Aiken became a source of controversy in mid-1932 when he, along with Vice President of the Executive Council Seán T. O’Kelly publicly snubbed the Governor-General of the Irish Free State James McNeill, by staging a public walkout at a function in the French legation in Dublin. McNeill privately wrote to Éamon de Valera, the President of the Executive Council, to complain at what media reports called the “boorishness” of Aiken and O’Kelly’s behaviour. While agreeing that the situation was “regrettable” de Valera, instead of chastising the ministers, suggested that the Governor-General inform the Executive Council of his social engagements to enable ministers to avoid attending ones he was at.

McNeill took offence at de Valera’s response and against government advice, published his correspondence with de Valera. De Valera then formally advised King George V to dismiss the Governor-General. The King arranged a special deal between both men, whereby McNeill would retire from his post a few weeks earlier than planned, with the resignation coinciding with the dates de Valera had suggested for the dismissal.

Though the governor-generalship of the Irish Free State was controversial, the media and even anti-governor-generalship politicians in the opposition Labour Party publicly, and even members of de Valera’s cabinet privately, criticised Aiken and O’Kelly for their treatment of McNeill, who all sides saw as a decent and honourable man. Aiken refused to discuss the affair later in life. De Valera later made amends by appointing Mrs McNeill as an Irish ambassador.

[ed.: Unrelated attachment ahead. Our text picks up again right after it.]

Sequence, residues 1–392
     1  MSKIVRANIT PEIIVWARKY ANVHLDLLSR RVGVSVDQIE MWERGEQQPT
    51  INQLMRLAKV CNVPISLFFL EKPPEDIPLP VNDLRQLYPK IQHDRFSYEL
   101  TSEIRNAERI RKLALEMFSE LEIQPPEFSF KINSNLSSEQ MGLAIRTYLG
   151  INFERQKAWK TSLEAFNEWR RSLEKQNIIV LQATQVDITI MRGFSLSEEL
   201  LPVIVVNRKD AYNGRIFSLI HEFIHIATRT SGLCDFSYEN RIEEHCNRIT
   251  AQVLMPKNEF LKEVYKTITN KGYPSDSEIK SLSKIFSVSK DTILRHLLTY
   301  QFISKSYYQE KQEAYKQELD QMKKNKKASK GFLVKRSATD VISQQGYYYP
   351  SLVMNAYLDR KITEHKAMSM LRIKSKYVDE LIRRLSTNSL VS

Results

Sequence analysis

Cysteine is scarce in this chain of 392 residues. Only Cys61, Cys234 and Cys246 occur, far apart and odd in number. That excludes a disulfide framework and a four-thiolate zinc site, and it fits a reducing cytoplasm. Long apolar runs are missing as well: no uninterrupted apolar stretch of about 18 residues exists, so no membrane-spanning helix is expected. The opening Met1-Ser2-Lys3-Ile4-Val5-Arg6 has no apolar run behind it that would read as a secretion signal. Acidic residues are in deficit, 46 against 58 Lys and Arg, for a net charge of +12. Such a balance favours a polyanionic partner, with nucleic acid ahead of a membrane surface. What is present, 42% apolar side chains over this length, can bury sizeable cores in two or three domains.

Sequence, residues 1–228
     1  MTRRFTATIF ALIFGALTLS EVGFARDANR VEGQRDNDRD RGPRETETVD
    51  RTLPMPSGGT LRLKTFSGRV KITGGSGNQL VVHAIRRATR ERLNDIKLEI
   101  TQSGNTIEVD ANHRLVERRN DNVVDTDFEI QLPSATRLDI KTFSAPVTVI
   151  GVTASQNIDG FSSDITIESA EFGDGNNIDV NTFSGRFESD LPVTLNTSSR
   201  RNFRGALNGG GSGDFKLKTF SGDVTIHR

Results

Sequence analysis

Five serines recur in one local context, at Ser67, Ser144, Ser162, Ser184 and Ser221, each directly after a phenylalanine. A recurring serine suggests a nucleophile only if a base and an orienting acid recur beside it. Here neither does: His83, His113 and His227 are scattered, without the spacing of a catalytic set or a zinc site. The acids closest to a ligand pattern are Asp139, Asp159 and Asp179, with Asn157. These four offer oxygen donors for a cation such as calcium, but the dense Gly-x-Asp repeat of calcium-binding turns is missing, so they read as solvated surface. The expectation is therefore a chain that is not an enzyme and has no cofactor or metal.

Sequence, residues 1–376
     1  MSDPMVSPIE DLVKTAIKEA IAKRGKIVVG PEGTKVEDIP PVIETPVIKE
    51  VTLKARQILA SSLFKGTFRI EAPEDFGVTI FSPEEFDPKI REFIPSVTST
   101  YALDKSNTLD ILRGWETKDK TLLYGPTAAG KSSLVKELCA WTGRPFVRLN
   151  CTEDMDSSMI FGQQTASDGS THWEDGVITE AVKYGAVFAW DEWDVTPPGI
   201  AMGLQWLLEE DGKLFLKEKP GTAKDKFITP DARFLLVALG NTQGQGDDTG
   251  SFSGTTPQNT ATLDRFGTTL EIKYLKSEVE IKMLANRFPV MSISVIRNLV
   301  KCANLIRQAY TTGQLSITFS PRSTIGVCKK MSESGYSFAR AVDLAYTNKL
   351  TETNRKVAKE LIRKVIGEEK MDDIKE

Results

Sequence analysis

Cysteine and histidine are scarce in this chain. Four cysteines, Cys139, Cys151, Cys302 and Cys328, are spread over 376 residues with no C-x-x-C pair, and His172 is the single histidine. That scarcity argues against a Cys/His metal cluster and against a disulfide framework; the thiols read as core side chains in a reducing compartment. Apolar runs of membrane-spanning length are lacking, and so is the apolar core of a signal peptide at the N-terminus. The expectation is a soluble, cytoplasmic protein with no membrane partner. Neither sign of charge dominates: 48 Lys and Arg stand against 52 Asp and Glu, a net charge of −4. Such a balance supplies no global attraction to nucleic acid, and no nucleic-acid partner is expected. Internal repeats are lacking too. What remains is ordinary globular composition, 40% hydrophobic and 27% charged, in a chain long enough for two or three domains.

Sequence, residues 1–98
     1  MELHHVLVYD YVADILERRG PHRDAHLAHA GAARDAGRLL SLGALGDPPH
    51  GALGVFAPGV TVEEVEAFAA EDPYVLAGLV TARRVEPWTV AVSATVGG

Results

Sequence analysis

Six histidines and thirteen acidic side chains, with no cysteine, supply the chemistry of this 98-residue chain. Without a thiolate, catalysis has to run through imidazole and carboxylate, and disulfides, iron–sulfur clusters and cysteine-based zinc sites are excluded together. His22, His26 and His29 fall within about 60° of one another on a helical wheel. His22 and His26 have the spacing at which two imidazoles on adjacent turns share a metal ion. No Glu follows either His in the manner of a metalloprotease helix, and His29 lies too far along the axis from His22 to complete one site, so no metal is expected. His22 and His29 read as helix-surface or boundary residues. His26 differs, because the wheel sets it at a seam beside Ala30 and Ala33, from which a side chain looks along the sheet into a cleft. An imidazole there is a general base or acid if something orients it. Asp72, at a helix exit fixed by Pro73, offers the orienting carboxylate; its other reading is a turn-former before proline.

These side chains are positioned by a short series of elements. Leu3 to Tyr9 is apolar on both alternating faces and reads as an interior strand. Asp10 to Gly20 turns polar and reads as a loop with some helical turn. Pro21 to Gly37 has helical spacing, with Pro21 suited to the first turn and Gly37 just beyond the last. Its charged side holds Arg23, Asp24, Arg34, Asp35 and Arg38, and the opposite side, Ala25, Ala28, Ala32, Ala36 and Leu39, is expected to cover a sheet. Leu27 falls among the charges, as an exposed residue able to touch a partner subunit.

Widely praised Minister for External Affairs

Aiken was Minister for Finance for three years following the war and was involved in economic post–war development, in the industrial, agricultural, educational and other spheres. However, it was his two periods as Minister for External Affairs that Aiken fulfilled his enormous political potential. As Foreign Minister he adopted where possible an independent stance for Ireland at the United Nations and other international forums such as the Council of Europe. Despite a great deal of opposition, both at home and abroad, he stubbornly asserted the right of smaller UN member countries to discuss the representation of communist China at the General Assembly. Unable to bring the issue of the partition of Ireland to the UN (because of Britain‘s veto on the Security Council) and because of unwillingness of other Western nations to interfere in what these Western nations saw as British affairs at that time (the US taking a more ambiguous position), Aiken ensured that Ireland vigorously defended the rights of small nations such as Tibet and Hungary, nations whose problems he felt Ireland could identify with and had a moral obligation to help.

Aiken also supported the right of countries such as Algeria to self-determination and spoke out against apartheid in South Africa. Under Ireland’s policy of promoting the primacy of international law and reducing global tension at the height of the Cold War, Aiken promoted the idea of areas of law, which he believed would free the most tense regions around the world from the threat of nuclear war.